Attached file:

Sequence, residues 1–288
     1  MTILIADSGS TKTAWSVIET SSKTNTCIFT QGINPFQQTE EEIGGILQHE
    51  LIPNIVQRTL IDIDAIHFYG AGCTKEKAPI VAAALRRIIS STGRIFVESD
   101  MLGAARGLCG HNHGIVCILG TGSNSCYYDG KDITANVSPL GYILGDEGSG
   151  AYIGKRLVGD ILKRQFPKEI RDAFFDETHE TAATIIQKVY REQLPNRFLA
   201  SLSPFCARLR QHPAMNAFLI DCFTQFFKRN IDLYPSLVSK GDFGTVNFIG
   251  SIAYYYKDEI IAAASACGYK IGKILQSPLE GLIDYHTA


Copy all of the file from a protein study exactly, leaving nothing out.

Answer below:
Sequence, residues 1–288
     1  MTILIADSGS TKTAWSVIET SSKTNTCIFT QGINPFQQTE EEIGGILQHE
    51  LIPNIVQRTL IDIDAIHFYG AGCTKEKAPI VAAALRRIIS STGRIFVESD
   101  MLGAARGLCG HNHGIVCILG TGSNSCYYDG KDITANVSPL GYILGDEGSG
   151  AYIGKRLVGD ILKRQFPKEI RDAFFDETHE TAATIIQKVY REQLPNRFLA
   201  SLSPFCARLR QHPAMNAFLI DCFTQFFKRN IDLYPSLVSK GDFGTVNFIG
   251  SIAYYYKDEI IAAASACGYK IGKILQSPLE GLIDYHTA